Tatyana Rand
Tatyana Rand holds up a vial containing specimens of adult and larval wheat stem sawfly during a field day in this 2015 file photo.

A tiny pest known as the wheat stem sawfly can lay a wheat field over in short order, and it costs farmers a bundle of money every year. In Montana alone, producers lose upwards of $25 million to this native villain, which, of course, is not stymied by any artificial geographical lines. The pest hurts producers in Northwestern North Dakota just as much as producers in northeastern Montana.

Among the researchers in the MonDak Research Triangle studying this pest is research ecologist Dr. Tatyana Rand, with the USDA-ARS unit here in Sidney. Rand spoke about her work on wheat steam sawfly, as well as alfalfa weevils, during the MonDak Ag Days.

One of the things that makes the wheat stem sawfly so difficult for producers to manage is that the pest spends so much of its lifecycle inside the wheat stem, where it is largely protected from pesticides. And, even when the sawfly comes out, it does so over such a wide window of time, that it’s difficult to control withh a pesticide. Each female can lay 50 eggs or so, which means it doesn’t take a very large survival rate to still have a lot of sawfly. These factors make biological control particularly attractive in this case.

Rand has looked at a variety of things that might help defeat the wheat stem sawfly over the years, and she is particularly interested in its natural predators, braconid wasps, which are nearly as tiny as the sawfly itself.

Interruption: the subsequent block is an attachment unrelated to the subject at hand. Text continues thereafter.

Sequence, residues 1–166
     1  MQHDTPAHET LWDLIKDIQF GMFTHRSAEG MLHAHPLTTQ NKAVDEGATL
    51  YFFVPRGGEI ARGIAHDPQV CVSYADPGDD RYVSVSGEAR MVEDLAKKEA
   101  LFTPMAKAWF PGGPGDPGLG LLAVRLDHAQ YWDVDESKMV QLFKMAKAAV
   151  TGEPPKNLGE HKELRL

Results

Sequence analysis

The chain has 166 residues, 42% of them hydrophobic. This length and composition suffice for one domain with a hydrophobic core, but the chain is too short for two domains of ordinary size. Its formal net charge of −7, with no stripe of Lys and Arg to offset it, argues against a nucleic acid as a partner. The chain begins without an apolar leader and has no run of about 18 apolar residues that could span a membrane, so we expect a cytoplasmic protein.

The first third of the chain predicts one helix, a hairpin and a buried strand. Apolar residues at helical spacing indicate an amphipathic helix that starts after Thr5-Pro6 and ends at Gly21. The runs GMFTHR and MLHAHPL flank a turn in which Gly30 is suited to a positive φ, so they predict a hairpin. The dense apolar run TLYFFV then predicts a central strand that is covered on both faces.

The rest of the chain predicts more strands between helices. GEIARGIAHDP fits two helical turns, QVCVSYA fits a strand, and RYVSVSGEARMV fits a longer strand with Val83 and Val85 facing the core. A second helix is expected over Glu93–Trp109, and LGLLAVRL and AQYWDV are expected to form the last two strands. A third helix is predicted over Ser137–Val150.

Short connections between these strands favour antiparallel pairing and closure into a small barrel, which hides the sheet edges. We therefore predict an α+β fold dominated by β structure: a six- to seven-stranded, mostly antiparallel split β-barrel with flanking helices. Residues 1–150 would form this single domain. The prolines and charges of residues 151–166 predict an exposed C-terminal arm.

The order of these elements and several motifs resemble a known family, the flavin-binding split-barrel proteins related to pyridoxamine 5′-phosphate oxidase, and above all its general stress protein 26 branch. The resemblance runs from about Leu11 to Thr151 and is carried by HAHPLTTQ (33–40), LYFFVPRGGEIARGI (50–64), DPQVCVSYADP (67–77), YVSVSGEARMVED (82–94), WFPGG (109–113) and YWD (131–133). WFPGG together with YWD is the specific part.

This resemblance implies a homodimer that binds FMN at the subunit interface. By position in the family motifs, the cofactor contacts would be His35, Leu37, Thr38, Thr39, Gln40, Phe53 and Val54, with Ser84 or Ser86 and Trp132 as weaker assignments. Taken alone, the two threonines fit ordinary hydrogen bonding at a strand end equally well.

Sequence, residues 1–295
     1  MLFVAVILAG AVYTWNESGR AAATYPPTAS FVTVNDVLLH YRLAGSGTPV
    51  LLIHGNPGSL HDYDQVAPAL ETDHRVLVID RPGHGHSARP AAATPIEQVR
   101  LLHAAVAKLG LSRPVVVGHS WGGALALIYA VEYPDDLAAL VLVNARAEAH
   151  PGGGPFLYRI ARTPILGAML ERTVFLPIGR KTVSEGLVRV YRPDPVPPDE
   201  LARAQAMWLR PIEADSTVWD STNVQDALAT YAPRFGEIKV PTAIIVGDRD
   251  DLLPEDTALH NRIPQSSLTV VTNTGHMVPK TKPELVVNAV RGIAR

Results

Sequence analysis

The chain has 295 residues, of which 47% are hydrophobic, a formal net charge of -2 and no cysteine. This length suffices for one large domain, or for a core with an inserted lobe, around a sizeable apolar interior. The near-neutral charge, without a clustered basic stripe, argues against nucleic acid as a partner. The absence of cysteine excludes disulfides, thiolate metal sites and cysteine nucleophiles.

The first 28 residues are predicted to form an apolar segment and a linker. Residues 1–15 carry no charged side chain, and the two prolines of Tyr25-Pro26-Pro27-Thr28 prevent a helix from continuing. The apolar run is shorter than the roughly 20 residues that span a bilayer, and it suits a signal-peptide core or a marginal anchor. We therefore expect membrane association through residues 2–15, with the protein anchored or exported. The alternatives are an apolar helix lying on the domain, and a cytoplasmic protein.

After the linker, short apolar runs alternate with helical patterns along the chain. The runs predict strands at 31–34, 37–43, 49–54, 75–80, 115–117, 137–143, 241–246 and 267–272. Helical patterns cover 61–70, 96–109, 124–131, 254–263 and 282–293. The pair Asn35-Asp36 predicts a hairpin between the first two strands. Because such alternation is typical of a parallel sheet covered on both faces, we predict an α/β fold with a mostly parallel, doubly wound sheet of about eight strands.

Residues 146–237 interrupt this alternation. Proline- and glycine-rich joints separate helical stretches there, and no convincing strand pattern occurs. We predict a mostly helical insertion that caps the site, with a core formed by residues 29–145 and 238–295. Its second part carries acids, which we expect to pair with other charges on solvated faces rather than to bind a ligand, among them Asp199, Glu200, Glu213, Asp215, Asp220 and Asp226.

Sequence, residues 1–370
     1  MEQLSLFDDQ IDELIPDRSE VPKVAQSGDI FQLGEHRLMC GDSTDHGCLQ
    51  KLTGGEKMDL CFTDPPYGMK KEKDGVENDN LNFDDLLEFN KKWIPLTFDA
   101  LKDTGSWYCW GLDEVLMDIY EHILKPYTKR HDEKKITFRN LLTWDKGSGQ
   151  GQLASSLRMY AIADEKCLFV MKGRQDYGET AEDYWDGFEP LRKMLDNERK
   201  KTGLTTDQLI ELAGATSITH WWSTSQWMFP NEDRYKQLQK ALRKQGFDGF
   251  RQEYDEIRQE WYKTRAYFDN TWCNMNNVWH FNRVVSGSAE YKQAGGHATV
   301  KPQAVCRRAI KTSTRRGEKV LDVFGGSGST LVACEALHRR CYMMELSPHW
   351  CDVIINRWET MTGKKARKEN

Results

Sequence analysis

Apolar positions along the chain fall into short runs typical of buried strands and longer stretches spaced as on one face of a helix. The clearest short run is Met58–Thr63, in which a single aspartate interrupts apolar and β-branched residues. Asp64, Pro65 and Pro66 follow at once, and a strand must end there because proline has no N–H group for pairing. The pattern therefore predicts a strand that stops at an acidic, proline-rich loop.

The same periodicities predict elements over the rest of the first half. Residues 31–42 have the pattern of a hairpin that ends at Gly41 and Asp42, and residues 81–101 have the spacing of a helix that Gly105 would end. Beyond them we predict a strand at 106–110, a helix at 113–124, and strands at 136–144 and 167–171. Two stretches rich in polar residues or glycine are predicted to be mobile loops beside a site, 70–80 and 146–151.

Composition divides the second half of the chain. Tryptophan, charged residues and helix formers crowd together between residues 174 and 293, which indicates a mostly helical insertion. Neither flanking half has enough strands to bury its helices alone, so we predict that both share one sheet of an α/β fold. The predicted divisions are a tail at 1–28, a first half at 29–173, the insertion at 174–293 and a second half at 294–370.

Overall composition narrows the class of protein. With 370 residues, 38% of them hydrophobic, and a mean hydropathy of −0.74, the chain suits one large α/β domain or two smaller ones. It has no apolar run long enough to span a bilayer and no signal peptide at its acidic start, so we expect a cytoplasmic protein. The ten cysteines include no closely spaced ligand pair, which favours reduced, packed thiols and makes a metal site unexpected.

Bracon cephi and B. lissogaster have a very effective attack on wheat stem sawfly. They lay eggs in the pest larvae, paralyzing them. This prevents the sawfly from eating the wheat stem.

Left to its own devices, the sawfly will eat the wheat stem out, laying the plant over before it can be harvested. But if the wasp gets to the sawfly in time, the wheat will be saved and can continue to stand tall.

Some wheat fields are lucky enough to have a lot of these little wasps flying around, while other wheat fields have practically none at all. Figuring out why some fields have wasps and others don’t is among the many research projects Rand has taken on while working at the USDA-ARS research lab in Sidney.

Rand suspects some fields may lack these beneficial wasps because they lack sources of flower nectar to energize the wasps. It takes a lot of energy, after all, to fly around a field looking for just the right host for its eggs. Nectar snacks can keep the wasps going.

Goldenrod, sunflowers, and other such native plants might be the key to attracting beneficial insects that can help farmers keep the sawfly population in check in their wheat fields.

Other issues that affect parasitoid wasp populations include management practices, such as not cutting the wheat too low to the ground and minimizing tillage. The wasps live in the bottom two-thirds or so of the wheat steam.

Greater stem solidity for wheat also helps the plant resist sawflies in general, but these varieties may also resist the parasitoid wasps as well.

Rand also talked about her work with alfalfa weevils, an insect pest that may have some resistance to pesticides.

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